N-33 Navel Orange Trees
The fruit of the N-33 Navel Orange tree is a lovely orange color, delicious, easily peeled, seedless fruit. It is produced by this medium sized tree and recognized as one of the sweetest oranges ever developed. The tree offers fragrant flowers in spring and beautiful foliage year round.
Originating in the late 1960's in Edinburg, Texas as a limb sport of the Marrs orange, the trees are more productive and consistent than the older Washington navel variety. Its fruit matures in September. The navel is the hardiest of the oranges with a fruit that is medium to large in size. It is an attractive and heavily bearing tree with fruit ripening in the winter. The tree is hardy to about 24 deg. F
The two most widely planted navel orange varieties in Texas are 'Everhard' and 'N33E'. In some years, N33E suffers extensive fruit splitting in August/September, yet production still remains high.
The navel orange originated from a single mutation in 1820 in an orchard of sweet oranges planted at a monastery in Brazil. This mutation causes navel oranges to develop a second orange at the base of the original fruit, opposite the stem. The second orange develops as a sort of conjoined twin in a set of smaller segments embedded within the peel of the larger orange. From the outside, the smaller, undeveloped twin left a formation at the bottom of the fruit, looking similar to the human navel. Because the mutation left the fruit seedless and sterile, the only means available to cultivate more of this new variety is to graft cuttings onto other varieties of citrus tree.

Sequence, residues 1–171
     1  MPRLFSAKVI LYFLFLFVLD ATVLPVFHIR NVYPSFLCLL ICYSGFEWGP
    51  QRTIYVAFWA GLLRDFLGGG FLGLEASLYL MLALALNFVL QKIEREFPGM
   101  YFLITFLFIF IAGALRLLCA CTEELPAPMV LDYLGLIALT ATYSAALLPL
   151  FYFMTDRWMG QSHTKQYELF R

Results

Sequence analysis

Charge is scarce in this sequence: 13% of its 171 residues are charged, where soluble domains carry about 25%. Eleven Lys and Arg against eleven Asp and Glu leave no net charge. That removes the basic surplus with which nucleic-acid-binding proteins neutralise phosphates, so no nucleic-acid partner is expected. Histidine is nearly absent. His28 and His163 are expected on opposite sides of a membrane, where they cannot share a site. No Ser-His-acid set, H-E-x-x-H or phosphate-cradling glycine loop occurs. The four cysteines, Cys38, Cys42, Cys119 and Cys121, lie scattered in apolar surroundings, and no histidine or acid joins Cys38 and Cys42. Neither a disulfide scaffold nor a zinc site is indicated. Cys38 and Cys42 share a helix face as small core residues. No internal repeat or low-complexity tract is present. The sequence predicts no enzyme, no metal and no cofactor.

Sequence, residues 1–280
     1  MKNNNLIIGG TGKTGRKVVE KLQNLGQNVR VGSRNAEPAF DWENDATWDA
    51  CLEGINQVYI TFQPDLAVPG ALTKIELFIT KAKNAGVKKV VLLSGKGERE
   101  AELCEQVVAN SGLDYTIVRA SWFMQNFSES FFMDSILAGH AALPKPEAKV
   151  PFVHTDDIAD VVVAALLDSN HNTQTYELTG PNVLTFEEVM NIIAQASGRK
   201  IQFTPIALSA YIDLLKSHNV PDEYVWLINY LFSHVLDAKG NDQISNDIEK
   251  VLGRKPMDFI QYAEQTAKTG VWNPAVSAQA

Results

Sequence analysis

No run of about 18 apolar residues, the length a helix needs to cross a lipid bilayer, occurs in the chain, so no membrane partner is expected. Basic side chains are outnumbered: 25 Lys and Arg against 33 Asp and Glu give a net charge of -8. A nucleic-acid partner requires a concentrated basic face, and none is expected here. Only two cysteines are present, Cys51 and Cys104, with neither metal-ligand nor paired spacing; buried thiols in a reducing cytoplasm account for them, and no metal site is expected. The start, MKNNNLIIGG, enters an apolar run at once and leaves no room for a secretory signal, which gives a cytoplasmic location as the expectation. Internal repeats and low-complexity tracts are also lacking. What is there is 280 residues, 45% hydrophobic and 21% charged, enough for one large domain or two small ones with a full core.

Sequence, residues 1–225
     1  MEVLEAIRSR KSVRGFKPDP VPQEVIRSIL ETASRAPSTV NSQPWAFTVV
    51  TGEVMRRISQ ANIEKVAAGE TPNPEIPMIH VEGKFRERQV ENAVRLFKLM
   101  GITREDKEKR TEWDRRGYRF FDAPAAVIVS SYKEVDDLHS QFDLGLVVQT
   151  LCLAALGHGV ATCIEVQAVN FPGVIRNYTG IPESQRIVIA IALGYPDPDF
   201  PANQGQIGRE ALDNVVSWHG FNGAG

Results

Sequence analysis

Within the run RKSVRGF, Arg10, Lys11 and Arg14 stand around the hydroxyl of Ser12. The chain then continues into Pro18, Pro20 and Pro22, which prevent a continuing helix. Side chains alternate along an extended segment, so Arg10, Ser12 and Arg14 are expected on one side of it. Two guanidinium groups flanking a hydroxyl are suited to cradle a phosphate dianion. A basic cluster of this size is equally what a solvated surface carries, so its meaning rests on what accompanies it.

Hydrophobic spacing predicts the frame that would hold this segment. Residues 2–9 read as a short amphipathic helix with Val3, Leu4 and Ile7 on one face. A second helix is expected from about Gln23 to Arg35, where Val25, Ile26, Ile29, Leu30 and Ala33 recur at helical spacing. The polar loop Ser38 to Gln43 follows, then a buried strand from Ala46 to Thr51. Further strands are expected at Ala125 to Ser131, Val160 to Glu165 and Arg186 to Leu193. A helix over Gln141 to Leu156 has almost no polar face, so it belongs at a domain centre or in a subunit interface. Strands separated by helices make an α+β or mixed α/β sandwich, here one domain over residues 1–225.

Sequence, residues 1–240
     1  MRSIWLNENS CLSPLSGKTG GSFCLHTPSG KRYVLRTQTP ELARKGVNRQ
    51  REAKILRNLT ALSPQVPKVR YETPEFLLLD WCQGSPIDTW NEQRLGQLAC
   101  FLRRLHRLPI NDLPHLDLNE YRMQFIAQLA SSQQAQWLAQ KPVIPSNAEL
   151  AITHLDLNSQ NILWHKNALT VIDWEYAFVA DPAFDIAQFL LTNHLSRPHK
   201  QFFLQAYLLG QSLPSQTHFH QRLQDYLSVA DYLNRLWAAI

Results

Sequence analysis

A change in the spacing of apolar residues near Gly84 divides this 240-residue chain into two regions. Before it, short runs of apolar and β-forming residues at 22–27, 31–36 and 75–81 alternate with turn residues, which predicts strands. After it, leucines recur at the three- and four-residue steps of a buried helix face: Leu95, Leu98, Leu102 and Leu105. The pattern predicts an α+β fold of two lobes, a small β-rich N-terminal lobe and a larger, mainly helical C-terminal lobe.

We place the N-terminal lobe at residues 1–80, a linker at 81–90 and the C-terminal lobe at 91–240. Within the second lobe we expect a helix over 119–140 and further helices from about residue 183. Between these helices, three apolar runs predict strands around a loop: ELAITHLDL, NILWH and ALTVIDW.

Most of the world's orange production is the round oranges, all of which are rather difficult to peel. N33 Navel oranges are fairly easy to peel and are the premier orange for eating out-of-hand. The N-33 Navel orange is a wonderful seedless "peel & eat" orange. The thicker, pebbled skin makes it easier to remove by hand and causes orange segments to separate a little bit easier.
Today, navel oranges continue to be produced via cutting and grafting. This does not allow for the usual selective breeding methodologies, and so not only do the navel oranges of today have exactly the same genetic makeup as the original tree, but also, they all can even be considered to b the fruit of that single, now centuries-old tree.